(567 total words in this text)
X. And this is still farther evinced from those voyages which have been made into Egypt by the wisest men among the Greeks, namely, by Solo, Thales Plato, Eudoxus, Pythagoras, and, as some say, even by Lycurgus himself, on purpose to converse with the priests. And we are also told that Eudoxus was a disciple of Chnouphis the Memphite, Solo of Sonchis the Saïte, and Pythagoras of Oinuphis the Heliopolite. But none of these philosophers seems either to have been more admired and in greater favour with the priests, or to have paid a more especial regard to their method of philosophising, than this last named, who has particularly imitated their mysterious and symbolical manner in his own writings, and like them conveyed his doctrines to the world in a kind of riddle. For many of the precepts of Pythagoras come nothing short of the hieroglyphical representations themselves, such as, "eat not in a chariot," "sit not on a measure (choenix)," "plant not a palm-tree," and "stir not the fire with a sword in the house." And I myself am of the opinion that, when the Pythagoreans appropriated the names of several of the gods to particular numbers, as that of Apollo to the unit, of Artemis to the duad, of Athene to the seven, and of Poseidon to the first cube, in this they allude to something which the founder of their sect saw in the Egyptian temples, or to some ceremonies performed in them, or to some symbols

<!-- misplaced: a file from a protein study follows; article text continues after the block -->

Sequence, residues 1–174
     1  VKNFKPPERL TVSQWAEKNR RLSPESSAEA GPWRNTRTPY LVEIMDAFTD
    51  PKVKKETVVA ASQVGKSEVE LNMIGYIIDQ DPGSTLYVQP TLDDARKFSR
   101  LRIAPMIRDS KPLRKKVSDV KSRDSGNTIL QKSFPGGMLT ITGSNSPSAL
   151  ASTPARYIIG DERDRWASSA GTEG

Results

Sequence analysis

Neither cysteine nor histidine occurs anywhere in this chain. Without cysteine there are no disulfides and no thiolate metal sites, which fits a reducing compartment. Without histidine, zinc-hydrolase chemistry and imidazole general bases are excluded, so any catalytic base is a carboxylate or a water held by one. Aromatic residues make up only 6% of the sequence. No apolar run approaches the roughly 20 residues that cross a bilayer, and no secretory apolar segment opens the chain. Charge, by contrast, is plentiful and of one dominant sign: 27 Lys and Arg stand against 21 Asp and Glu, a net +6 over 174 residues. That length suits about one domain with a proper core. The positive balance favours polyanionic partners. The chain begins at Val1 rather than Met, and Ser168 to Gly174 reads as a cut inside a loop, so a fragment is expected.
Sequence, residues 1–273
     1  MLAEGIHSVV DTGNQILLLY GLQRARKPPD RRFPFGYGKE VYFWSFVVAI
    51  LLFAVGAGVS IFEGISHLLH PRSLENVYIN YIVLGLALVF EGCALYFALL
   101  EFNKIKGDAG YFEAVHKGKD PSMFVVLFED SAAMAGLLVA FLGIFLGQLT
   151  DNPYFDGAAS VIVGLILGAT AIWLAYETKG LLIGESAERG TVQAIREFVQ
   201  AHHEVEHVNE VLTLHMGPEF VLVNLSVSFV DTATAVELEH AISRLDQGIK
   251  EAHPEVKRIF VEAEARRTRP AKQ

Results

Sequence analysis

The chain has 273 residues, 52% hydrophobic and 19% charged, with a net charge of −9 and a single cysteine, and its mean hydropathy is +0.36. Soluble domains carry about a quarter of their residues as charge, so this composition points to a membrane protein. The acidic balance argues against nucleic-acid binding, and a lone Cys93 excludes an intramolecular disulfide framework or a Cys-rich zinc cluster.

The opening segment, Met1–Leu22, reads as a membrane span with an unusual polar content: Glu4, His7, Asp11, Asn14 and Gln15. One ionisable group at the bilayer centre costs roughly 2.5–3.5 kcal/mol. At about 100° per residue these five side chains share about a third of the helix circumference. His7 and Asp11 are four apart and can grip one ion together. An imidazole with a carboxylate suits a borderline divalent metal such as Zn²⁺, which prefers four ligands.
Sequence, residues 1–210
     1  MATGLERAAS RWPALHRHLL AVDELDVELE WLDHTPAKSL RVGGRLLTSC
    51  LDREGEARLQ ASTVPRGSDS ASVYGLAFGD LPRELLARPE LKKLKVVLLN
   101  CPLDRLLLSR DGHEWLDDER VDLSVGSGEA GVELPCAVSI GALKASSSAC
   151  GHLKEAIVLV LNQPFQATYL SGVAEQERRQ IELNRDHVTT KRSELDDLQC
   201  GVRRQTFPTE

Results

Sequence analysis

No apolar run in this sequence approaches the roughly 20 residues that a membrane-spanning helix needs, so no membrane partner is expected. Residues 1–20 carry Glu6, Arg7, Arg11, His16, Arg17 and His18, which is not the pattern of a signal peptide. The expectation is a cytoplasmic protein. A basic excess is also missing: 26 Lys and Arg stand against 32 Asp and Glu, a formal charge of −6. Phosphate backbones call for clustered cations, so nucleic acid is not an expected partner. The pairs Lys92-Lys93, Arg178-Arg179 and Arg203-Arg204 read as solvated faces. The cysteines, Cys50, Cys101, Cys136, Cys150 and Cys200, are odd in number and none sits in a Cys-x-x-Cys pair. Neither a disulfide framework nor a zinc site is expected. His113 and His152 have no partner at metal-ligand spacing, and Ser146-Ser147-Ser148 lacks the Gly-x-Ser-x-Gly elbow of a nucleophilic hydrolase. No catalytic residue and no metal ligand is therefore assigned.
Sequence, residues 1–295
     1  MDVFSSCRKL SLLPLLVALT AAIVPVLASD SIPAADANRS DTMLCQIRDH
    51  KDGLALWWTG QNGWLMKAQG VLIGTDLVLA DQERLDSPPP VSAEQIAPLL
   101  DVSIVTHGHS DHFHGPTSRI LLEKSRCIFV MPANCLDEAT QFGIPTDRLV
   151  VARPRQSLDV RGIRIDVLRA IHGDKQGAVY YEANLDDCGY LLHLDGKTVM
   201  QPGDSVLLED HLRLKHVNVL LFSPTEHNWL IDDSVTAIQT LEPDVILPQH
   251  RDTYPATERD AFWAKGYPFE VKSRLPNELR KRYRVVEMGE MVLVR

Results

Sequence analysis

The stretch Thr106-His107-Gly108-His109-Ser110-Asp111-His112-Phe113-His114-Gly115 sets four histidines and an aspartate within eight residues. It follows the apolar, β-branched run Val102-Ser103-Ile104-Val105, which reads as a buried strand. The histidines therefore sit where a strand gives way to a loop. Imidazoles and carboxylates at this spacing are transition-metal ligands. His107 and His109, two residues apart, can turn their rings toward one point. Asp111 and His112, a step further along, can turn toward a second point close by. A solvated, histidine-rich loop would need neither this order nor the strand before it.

there exhibited. Thus, their great king and lord Osiris is represented by the hieroglyphics for an eye and a sceptre, 1 the name itself signifying "many-eyed," as we are told by some 2 who would derive it from the words os, 3 "many," and iri, 4 an "eye," which have this meaning in the Egyptian language. Similarly, because the heavens are eternal and are never consumed or wax old, they represent them by a heart with a censer placed under it. Much in the same way are those statues of the Judges at Thebes without hands, and their chief, or president, is represented with his eyes turned downwards, which signifies that justice ought not to be obtainable by bribes, nor guided by favour or affection. Of a like nature is the Beetle which we see engraven upon the seals of the soldiers, for there is no such thing as a female beetle of this species; for they are all males, and they propagate their kind by casting their seed into round balls of dirt, which afford not only a proper place wherein the young may be hatched, but also nourishment for them as soon as they are born.
213:1 The oldest form of the name is AS-AR,
; the first sign,
, is a throne, and the second,
, is an eye, but the exact meaning represented by the two signs is not known. In late times a sceptre,
took the place of the throne, but only because of its phonetic value as or us. Thus we have the forms
213:2 This is a mistake.
213:3 In Egyptian,
213:4 in Egyptian,
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